Over his long and distinguished career, Ben Kingsley has shown his ability to play a scoundrel as crisply and convincingly as he portrayed the saintly Gandhi. In his latest film, Learning to Drive, he plays Darwan Singh, a gentle and patient Sikh driving instructor, much more mahatma than Sexy Beast rascal. The Globe and Mail spoke to Kingsley from Los Angeles about an actor's responsibility, painting a character's portrait and honouring Sikhism.
Learning to Drive is set in New York, an iconic location that is almost a film subgenre onto itself. How does making a movie in New York, as opposed to anywhere else, add to the filming experience as an actor?
The whole experience for me was measured by how much I loved staying in character, out in the streets of New York, in my armour, as it were. And particularly the armour of my costume. The wonderful turban with a matching tie, the beard, the neat shirt, the pressed trousers – what a great guy, so well turned out, so dignified. And to have that island of Sikhism in me, in New York, was quite wonderful. Exploring that Sikh warrior silhouette in a city only pretending to be New York, it would not be the same.
And what about your character, a Sikh driving instructor and taxi driver in New York?
Life in art, you know? A guy from the Punjab, who is a university professor, but cannot get academia work in the United States. So he teaches people – teaches people to drive. Still the professor. The gentle, loving, life-affirming professor behind the wheel. All that was enhanced by me, an actor from England, in complete disguise, working in the extraordinary environment of New York. There's a kind of link there between him and me. We're both discovering at the same time.
The character comes right out and says that his turban and beard are how he knows who he is. What makes you know who you are, as an actor?
The important thing is that I'm creating a portrait of somebody else, and that I think that person might be of interest to the audience. So when I'm invited to embark on these beautiful journeys, I get the script, I read it and I think, 'Do I want to create a portrait of this guy?' Because it's hard work. Portrait painting is a delicate process. A painter sits for hours with this person in their studio and puts that person on canvas. I work for hours in front of a camera. I try to create Darwan Singh. It's a very similar process. So, this portrait painter/storyteller is what I do to be me.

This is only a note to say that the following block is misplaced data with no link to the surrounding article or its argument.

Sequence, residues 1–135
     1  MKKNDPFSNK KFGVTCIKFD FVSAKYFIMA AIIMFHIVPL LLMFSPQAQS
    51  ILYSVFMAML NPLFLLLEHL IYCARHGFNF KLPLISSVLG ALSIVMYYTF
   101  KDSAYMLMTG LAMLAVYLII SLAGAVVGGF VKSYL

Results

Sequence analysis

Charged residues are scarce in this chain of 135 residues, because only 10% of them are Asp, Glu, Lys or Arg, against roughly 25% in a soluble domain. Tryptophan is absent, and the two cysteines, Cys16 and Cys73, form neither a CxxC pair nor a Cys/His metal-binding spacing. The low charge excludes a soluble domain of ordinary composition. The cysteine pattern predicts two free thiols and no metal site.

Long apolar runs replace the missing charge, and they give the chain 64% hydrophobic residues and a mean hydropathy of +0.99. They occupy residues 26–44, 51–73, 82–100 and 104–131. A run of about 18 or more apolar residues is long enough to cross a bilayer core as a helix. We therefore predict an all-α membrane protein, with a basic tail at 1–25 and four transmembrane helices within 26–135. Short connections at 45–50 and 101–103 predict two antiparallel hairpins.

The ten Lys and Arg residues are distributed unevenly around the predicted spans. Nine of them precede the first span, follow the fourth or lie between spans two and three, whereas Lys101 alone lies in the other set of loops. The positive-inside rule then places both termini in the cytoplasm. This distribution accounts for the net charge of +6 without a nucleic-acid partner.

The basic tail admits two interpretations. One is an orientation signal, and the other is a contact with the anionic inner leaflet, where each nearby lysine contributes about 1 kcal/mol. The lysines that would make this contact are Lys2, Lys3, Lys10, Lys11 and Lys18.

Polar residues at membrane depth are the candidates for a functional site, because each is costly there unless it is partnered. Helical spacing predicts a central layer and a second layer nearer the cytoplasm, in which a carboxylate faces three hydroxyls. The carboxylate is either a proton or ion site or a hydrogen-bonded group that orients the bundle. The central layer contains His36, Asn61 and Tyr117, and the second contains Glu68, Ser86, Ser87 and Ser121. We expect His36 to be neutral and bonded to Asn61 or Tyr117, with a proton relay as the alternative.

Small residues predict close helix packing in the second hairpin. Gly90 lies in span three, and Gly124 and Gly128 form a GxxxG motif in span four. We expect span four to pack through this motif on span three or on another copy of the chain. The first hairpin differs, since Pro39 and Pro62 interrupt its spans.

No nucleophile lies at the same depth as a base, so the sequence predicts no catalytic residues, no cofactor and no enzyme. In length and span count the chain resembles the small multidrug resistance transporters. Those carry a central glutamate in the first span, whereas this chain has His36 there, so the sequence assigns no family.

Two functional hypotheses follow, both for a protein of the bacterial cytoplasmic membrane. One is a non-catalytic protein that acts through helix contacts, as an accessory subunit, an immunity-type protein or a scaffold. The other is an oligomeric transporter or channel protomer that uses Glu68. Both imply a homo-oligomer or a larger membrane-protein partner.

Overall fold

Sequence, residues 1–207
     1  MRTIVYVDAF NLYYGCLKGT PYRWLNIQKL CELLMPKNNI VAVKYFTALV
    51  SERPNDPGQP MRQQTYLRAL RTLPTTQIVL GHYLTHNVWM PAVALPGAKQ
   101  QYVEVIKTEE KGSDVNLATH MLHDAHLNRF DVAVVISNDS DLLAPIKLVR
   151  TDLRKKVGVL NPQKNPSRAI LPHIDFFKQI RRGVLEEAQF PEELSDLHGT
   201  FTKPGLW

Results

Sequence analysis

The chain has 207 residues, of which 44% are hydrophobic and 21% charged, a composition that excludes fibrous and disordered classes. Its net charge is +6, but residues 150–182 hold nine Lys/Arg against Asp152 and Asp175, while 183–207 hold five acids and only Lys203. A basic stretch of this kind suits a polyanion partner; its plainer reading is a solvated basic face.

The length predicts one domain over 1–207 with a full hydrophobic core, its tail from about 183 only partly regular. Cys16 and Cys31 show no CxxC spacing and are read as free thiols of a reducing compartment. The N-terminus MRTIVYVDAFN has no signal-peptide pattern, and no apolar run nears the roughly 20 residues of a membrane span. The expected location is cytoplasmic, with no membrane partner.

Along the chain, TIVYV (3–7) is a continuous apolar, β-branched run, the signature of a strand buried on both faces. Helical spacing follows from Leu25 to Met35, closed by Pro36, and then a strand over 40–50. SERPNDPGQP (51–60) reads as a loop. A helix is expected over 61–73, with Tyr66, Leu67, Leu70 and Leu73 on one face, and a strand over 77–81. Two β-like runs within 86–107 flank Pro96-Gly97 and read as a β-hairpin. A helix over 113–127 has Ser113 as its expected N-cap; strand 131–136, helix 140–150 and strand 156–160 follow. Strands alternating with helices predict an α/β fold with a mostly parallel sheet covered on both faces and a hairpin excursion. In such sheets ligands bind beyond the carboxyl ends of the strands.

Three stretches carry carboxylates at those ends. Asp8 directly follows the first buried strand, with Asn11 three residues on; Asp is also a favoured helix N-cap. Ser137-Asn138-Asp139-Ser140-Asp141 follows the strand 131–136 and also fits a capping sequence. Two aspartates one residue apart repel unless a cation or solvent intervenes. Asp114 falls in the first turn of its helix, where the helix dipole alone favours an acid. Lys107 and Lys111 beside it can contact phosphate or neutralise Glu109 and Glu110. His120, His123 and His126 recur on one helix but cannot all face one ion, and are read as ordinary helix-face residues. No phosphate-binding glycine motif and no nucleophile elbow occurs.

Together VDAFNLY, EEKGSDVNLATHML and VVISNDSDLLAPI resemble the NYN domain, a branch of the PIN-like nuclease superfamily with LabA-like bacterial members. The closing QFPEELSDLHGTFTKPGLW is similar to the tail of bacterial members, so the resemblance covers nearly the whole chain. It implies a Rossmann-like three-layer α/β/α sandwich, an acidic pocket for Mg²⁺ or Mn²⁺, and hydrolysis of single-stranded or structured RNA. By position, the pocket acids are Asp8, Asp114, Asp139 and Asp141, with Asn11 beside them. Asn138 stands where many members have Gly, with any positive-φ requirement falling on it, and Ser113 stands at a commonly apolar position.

And a Sikh character, this is a new kind of portrait we're seeing, isn't?
I can't think of any others. It's extraordinary, isn't it? Where is there a Sikh character with a turban as a lead in a film? Nowhere.
Is there an extra level of responsibility in doing it first and getting it right? That you instill such a sense of dignity to the character, seems particularity significant in this kind of groundbreaking role.
I hear you. But I would slightly adjust the word 'responsibility,' so that it's perhaps less of a burden and more of a joy. A joy to be responsible for creating the portrait of such a lovely and decent man, who is determined, after terrible loss to himself and his family, and his exile, to still do the right thing.
His nobleness, after going through such things: Could Westerners learn something from him?
He's not embittered at all. He's very generous and open and compassionate. I say this with huge respect to my Sikh friends, and I have two or three, but if you know one Sikh chap you know them all. Because there is something wonderfully consistent about their approach to life. Of course they differentiate, but there is something about Sikhism that is their backbone. That's what I enjoyed playing – that backbone, that spine. Almost military, because they are a warrior group, the Sikhs. I'm so fond of my character, and I am his custodian. I hope that I honour that responsibility through playing him as honestly as I could.
This interview has been condensed and edited.